The aim of this work is the development of a simple, fast, quantitative, and economic method for the determination of neonicotinoid insecticide residues in dietary bee pollen. Several parameters of the method, such as extraction solvent, extraction time, and solid-phase extraction sorbents for purification [silica, C18, primary–secondary amine (PSA), and Envi-Carb II/PSA], were studied. The final proposed method based on solid–liquid extraction with hexane, cleanup with Supelclean™ Envi-Carb II/PSA cartridges, and subsequent analysis by high-performance liquid chromatography with tandem mass spectrometry was validated and applied to the analysis of commercial bee pollen samples from different geographical zones. Method performance was assessed by the evaluation of several quality parameters of the method, such as recovery values, repeatability, reproducibility, linearity, and limits of detection and quantification. Matrix effects on the chromatographic signal were also studied. The quality parameters of the method were equivalent to or better than those obtained with previously published methods, with recoveries between 81 and 99 % and repeatabilities lower than 8.8 %. The detection and quantification limits were in the ranges 0.2-2.2 μg kg-1 and 0.4-4.3 μg kg-1, respectively.

Saturday, 3 October 2015

Thirty-four identifiable airborne fungal spores in Havana, Cuba

Annals of Agricultural and Environmental Medicine
DOI: 10.5604/12321966.1152068



The airborne fungal spore content in Havana, Cuba, collected by means a non-viable volumetric methodology, was studied from November 2010 – October 2011. The study, from a qualitative point of view, allowed the characterization of 29 genera and 5 fungal types, described following the Saccardo´s morphotypes, as well as their morphobiometrical characteristics. In the amerospores morphotype, the conidia of 7 genera (with ascospores, basidiospores and uredospores) and 5 fungal types were included. Among phragmospores morphotype, the ascospores and conidia of 12 different genera were identified. The dictyospores morphotype only included conidial forms from 6 genera. Finally, the less frequent morphotypes were staurospores, didymospores and distosepted spores. In general, the main worldwide spread mitosporic fungi also predominated in the Havana atmosphere, accompanied by some ascospores and basidiospores. Cladosporium cladosporioides type was the most abundant with a total of 148,717 spores, followed by Leptosphaeria, Coprinus and the Aspergillus-Penicillium type spores, all of them with total values ranging from 20,591 – 16,392 spores. The higher monthly concentrations were registered in January (31,663 spores) and the lowest in December (7,314 spores). Generally, the average quantity of spores recorded during the months of the dry season (20,599 spores) was higher compared with that observed during the rainy season (17,460 spores).

Friday, 2 October 2015

Challenges in Relating Concentrations of Aromas and Tastes with Flavour Features of Foods

Critical Reviews in Food Science and Nutrition


Flavour sensations in food are highly influenced by the aroma and taste compounds. Reviewing the extensive literature of recent years in this field has shown that the reconstitution of flavour based on aroma and taste compounds poses numerous problems. These are of different nature and include among others (a) chemical transformations among these compounds, (b) changes in the concentrations of the compounds responsible for the perceived flavour, (c) interactions among the chemical compounds that enhance or reduce a specific flavour sensation, and finally, (d) the complexity of the different food matrices and its influence in the flavour perception. Another difficulty that flavour scientists must face is how to properly model and visualize the complex relationships existing between the chemical composition of foods and the flavour perception. These problems have repercussions on the reconstitution of the flavour signature of food based on the natural concentrations of its key aroma and taste compounds. Therefore, the main aim of this review is to deal with all these issues to propose potential solutions for a robust transformation in a science-based quality approach.

Thursday, 1 October 2015

Linear Polyethers as Additives for AOT-Based Microemulsions: Prediction of Percolation Temperature Changes Using Artificial Neural Networks

Tenside Surfactants Detergents: 52 (2015) 264-270.
doi: 10.3139/113.110374
 
Predictive models based on artificial neural networks have been developed for the percolation threshold of AOT based microemulsions with addition of either glymes or polyethylene glycols. Models have been built according to the multilayer perceptron architecture, with five input variables (concentration, molecular mass, log P, number of C and O of the additive). Best model for glymes has a topology of five input neurons, five neurons in a single hidden layer and one output neuron. Polyethylene glycol model's architecture consists in five input neurons, three hidden layers with eight neurons in both first two and five in the last, and a neuron in the last output layer. All of them have a good predictive power according to several quality parameters.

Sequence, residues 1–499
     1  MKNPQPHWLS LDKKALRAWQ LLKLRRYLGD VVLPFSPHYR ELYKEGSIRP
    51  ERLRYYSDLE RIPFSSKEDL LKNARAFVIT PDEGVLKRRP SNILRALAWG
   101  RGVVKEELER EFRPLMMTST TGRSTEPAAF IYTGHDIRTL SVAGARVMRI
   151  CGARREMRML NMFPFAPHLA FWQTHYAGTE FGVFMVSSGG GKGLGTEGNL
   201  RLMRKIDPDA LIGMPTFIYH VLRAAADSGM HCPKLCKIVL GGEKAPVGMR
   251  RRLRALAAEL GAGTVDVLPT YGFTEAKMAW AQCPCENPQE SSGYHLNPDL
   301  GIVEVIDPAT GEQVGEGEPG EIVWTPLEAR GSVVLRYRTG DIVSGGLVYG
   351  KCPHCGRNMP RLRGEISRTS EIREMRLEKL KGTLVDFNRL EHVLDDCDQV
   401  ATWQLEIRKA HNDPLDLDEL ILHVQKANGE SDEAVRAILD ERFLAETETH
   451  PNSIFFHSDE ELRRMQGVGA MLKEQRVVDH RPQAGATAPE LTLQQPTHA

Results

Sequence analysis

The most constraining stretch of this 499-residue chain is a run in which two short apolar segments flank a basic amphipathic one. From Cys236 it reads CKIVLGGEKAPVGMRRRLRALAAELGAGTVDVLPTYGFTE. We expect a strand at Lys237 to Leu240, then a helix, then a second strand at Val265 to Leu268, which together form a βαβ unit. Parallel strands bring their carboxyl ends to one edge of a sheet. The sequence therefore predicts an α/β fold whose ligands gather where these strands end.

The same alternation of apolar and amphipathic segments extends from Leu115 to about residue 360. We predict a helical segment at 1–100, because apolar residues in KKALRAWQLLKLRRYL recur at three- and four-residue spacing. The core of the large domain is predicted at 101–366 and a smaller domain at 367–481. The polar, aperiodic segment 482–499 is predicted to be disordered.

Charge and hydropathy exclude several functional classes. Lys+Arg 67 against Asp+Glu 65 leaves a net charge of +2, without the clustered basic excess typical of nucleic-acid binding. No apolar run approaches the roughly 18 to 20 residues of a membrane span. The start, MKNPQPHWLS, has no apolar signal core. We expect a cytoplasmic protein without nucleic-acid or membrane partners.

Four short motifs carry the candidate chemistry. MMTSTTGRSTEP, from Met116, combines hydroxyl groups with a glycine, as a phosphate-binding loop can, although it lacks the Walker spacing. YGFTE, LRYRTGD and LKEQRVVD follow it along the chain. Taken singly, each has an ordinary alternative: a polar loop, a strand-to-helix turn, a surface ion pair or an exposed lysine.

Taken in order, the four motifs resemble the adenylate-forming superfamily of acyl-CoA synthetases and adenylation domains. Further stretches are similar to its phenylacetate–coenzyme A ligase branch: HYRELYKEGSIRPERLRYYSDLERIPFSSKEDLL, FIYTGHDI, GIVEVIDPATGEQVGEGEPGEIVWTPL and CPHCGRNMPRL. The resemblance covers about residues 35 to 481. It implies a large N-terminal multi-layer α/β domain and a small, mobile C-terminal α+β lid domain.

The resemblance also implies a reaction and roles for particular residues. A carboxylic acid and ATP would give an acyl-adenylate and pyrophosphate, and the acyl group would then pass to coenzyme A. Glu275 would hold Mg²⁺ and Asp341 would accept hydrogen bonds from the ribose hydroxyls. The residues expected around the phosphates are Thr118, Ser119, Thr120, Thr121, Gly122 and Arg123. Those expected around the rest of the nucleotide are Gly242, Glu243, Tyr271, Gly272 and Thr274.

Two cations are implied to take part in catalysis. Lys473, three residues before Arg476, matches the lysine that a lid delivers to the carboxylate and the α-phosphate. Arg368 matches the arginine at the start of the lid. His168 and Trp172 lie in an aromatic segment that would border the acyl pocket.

1-3-Dichloropropene 2030 Agenda priorities Abribone Particles Accumulation Acid Soils Acidification Activated Carbon Active ingredients Acuicultura Adsorption Adulteration Aeration Aerobiology Aggregation Agricultural Residue Agro-industrial waste Agronomic performance Agrostis capillaris Air temperature Airborne Alcohols Aldehyde Algae Alkaline Hydrolysis Alkylamines Allelochemical stress Allergy Aluminium Alzheimer's Disease Amendment Amino acid and purine biosynthesis Amphibolite Amylases Analysis Anionic Amphiphiles AnionsMetals ANN Anoma Anthocyanins Anti-aging Anti-cancer activity Antidepressant Antimicrobial Antimicrobial applications Antimicrobial compounds Antioxidants Antioxidants Activity Antiradical Activity Antitumorigenic activity Antiviral Apples Applications AQUA-CIBUS Aqueous solution Arabidopsis thaliana Arbequina ARIMA Aroma Aromatic compounds Aromatic plants Arsenic Artificial Neural Networks Ascorbic acid Ashes Atmospheric Pollution Authentication Autohydrolysis Auxins Availability Axisymetric Models Bacillus subtilis Bacterial growth Bacteriocin Bare fallow soils Barley straw Barrels Batch Beer Bentonite Berry Bilinear matrix Bioactive compounds Bioactive Food Components Bioactive substances Bioactivities Bioavailability Biochar Bioethanol Biofilm Biological indicator Biomarkers Biomonitoring Biorefinery Biosorbent Biotransformation Black Pepper Blockchain Technology Blueberry Body weight Boscalid Botrycides Botrytis cinerea Brassica juncea Brewery wastes Brown macroalgae BTEX Bullet corrosion Butter fat By-products Cadmium Caffeic Acid Calcium Candelilla Candidate gene Carbon isotope discrimination Carburan Catechin-rich extract Cattle Slurry Cell cycle Celta pig breed Characterization Cheese whey Chemical composition Chemical equilibrium Chemometrics Chemoresistance Chestnuts Chloropicrin Chlorteracycline Cholinesterases Chorizo Chromatography Chromium Circular economy Clasification Climate change Climate impact CMC Cobalt Colloids Color Column experiments Competitive sorption Compost Compounds Conformational changes Conjoint analysis Continuous fermentation Control Controlled deficit irrigation Cooking methods Copper Corn breeding Corn cob Corn stover Cornicabra Cortical Neurons Corticosteroids Corticosterone Cortisol Cosmetics Cow Milk Crop Protection Crushed Mussel Shell cucurbit[7]uril cucurbituril Curing Cycas pectinata Cyclic voltammetry Cyclodextrins Cyclopentadecanone Cytotoxicity Dactylis glomerata Data Acquisition and Management Data analysis Decomposition Decontamination Degradation Dehydrogenase activity Denitrosation Density Desorption DFT calculations Diabetes mellitus Dietary polyphenols Dinamic Surface Tension Discharge prediction Disease prevention Dissipation Dithiocarbamates Doxycycline Dry fruit Dry-cured Drying DTCs Edible films Edible flowers Ehrlich pathway Encapsulation Enrichment factors Enterococcus faecium Enzymatic hydrolysis Enzymatic saccharification ErbB2 Ergosterol biosynthesis Esencial Oil Essential oils Ethanol Ethnobotanic Ethylene Ethylenethiourea Eucalyptus camaldulensis EVOO EVOO applications EVOO quality EVOOs Extra Virgin Olive Oil Extraction Extraction Optimization Extraction techniques Fast growing biomass Fat healthiness Fat oxidation Fatty Acids Faults FE-SEM/EDS Feathers Fed-batch fermentation Fed-batch SSF Fed-batch system Feed intake Feluric Acid Feluroyl esterase Fenhexamid Ferhexamid Fermentation Ferulic acid Feruloyl Feruloyl esterase Fingerprint Firing range soils Fish oil Flavanols Flavor Flowering delay Fluorescence Fluoride Fluorine Focus group Folin-Ciocalteuassay Food additives Food analysis Food authentication Food Authenticity Food by-products Food composition Food fingerprinting Food intake-related public risks Food Quality Food Supply Chain Food sustainability Food systems Food Traceability Foods Forest Forest Soils Formación Fortification Fortified Wines Fourier transform infrared Fractionation Fraxinus Frog Frozen storage Frugal-innovation Fucoxanthin Fuidized bed reactor Fullerene Functional Enzymes Functional Food Fungal Spores Fungicide Fungicides Furfural Galicia Galician virgin olive oils Garlic Garnacha Tintorera Gastrointestinal tract GC GC/MS Gelation Generic diversity Genetic variation Geothermal systems Germination Germplasm charaterization Glassy network Glucomannan Gold nanoparticles Gourmet Graciano Granite Granite powder Granitic Material Grape juice Grapes Grasshopper Effect Gravitropism Green synthesis Growth Guava HAE Hair Health benefits Heat-Assited Extraction Heavy Metals Helath claim Hemicelluloses Hemp waste Heterocyclic aromatic amines High hydrostatic pressure High pressure High solids loading Histeresys index Histolocalization Hordeum vulgar HPLC HPLC-DAD HPLC-FLD HPLC-MS/MS HPLC/MS HR-TEM/EDS Humid acid Hyaluronic acid Hydrogeology Hydrolysis Hydroxycinnamic acid Hydroxylpropyl-beta-cyclodextrins Hyperspectral imaging immobilization In vitro Industrial applications Industrial level Innovative functional foods Instrumental analysis Ionic Liquids Iron Job Opportunities Jornadas Kale Keroxim Kinematic viscosity Kinetics Konjac glucomannan Laboratory column Lactic acid Lactic acid bacteria Land use LDT Lead Leaf water relations Lenga temperate forests Liberation Lignin Ligustrum Lime pretreatment Linear Discriminant Analysis Lipid oxidation Lipolysis Lipoxygenase Liqueurs Long-term fertilization Lotka-Volterra Low toxicity Maceration Machine learning Macroalgae Macroalgae applications Magnesium Maize populations Major Depressive Disorder MALDI-TOF/TOF-MS Mancozeb MAO Marcozeb Marinades Measures and indicators Meat Meat Quality Medicinal plant Mediterranean diet Membrane filtration Mepanipyrim Mercury Metabolism Metabolite Metabolites Metabolomics Metal Metal availability Metal fractionation Metalaxyl Meteorology Methyl isothiocyanate Metrafenone Micelles Microalgae Microbiota Microemulsions Microscopy Microtubules Mine Mine soil Mine tailing Mode of Action Modelisation Molecular docking Monoamine Oxidase MS MS/MS Multidrug resistance Multiple chemicals Multiproduct biorefinery Multivariate analysis Muscle foods Mussel Mussel shell Mustard plants Nanocoating Nanoparticle Nanowhisker NAO index Natural Colorants Natural sources Neonates Neonicitinoids Neurodegenerative Disorders Neuroprotection Neurotoxins Nickel NIR Nisin Nitric Oxide Nitrosomercaptopyridine NO Non-linear processes Noticias Novel technologies NPK Fertilizers Nutraceulticals Nutrients Oak ash Oak species Oat straw OAV Ocimum basilicum var. purpurascens leaves OCPs Odorants Odour Activity Value Ole e 1 Olea Oleaceae Olive Co-crushing Olive Oil Olive oil by-products OncomiR OPEs OPPs OPs Optimization Organic amendment Organic carbon Organic matter Organic pollutants Ourense Oxidation Oxidative damage Oxidative phase Oximes Oxytetracycline Ozone p-hydroxybenzoic acid PAHs Paper Industry Parkinson's Disease Pastureland Soils Pathogenic bacteria PBDEs PBDs PCBs PCDDs PCDFs PDO Pellets Percolation Perlite waste addition Pest Management Protocols Pesticide Pets pH pH-spectra Phenolic and aromatic compounds Phenolic Compounds Phenolics Phenology Phenotyping Phosphate Phosphorus Phosphorus adsorption Phosphorus desorption Physical protection Physiological responses Phytochemicals Phytopigments Phytostabilization Phytotoxic effects Phytotoxicity Picual Pig Pig genotypes Pig Stress Pigeon Piglets Pine bark Pine Sawdust Pinus sylvestris Pistachia vera Placenta Plant cell walls Plant production Plantago Plasma Pollen Polluted Soils Polluted Water Pollution Polymer Polyphenols Post-harvest drying Potato Prairie Prebiotic activity Precipitation Prediction Prenatal Preservation Prevention Probiotics Process optimization Production Profiling Properties Proteases protected denomination of origin Proteome profile Proteomics Public health Purification Putative transcription factors Pyritic material PYRs Quality-related Indices Quantification Racked bed reactor Rain Rainfastness Raman Random forest Rank annihilation factor analysis Raw Fish Oil Reaction kinetics modelling Reactor Realkalization Red Rubin Basil Red Wines Redes de Investigación Reinforced Wines Remediation Residues Resistance Response surface methodology Retaining capacity Retention Reuse Rheological properties Ripening temperature RISEGAL Risk assessment Risk Periodos River River bed sediments RMN Root growth Roots Rosaceae family RSM S-nitrosothiol Salting intensity Saponification Screening methods SDS SDS-PAGE Secondary Metabolites Seedling Seminarios Sensory analysis Sensory attributes Sepia Ink Sequential extraction Serotonin Sesamia nonagrioides Settling pond Shelf-life Shelterwood-cut silvicultural system Shooting range Short chain fatty acids Signalling pathways Silage Single extraction Slaughterhouse Large Time Soil Soil aggregates Soil Amendment Soil impact Soil pollution Soil remediation Soil residues Soil structure Soils Solanum tuberosum Solid-state fermentation Solvent Extraction Sorption Soybean oil Spectrometry Spectroscopy Speed of Sound Spirits SSR markers Stability Stress response Styrene Subcutaneous ham fat Subcutaneous pig back-fat Sulfamethoxazole Sulfur-containing compounds Support vector machine Surface Surface Tension Surfactants Sustainability Sustainable Adsorbents Sustainable Development Sustainable use of natural resources SWAdSV Sweet Wines Swertia chirata Taladros Tarbush Taste Technosol Tempranillo Tenacity Terra preta do índio Tetraciclyne Thermal gelation profiles Thermal springs Throughfall Tiamulin TOF-SIMS Toro Appellation of Origin Total aliphatic hydrocarbons Toxic cocktail effects Toxicity Traditional Smoked Foods Traditionally used plants trans-Caryophyllene Transcriptomics Transport Transport experiment Tree vegetation Trimethoprim Tropical soils Tumor suppressor miR Underground waters University of Vigo Urine UV-Vis spectroscopy Vaccinium corymbosum Vacuum packaging Valorization Vanadium Variedades tolerantes Vinclozolin Vine trimming shoot Vineyard Virgin Olive Oils Virus Viscosity Vitamin Volatile Volatile Compounds Voltímetro Wash-off Waste reduction Wastes Wastewater Water deficit Water efficiency Water pollution Water quality Water temperature Weakly deacetylation Weather Webinar Wells Wheat straw Whey Wine Wine aging Wine Quality Wine-making Practices Winemaking Process Withered inflorescences Wood Wood Ash Xylitol Xylooligosaccharides Xylose Zea mays Zinc β-Lactoglobulin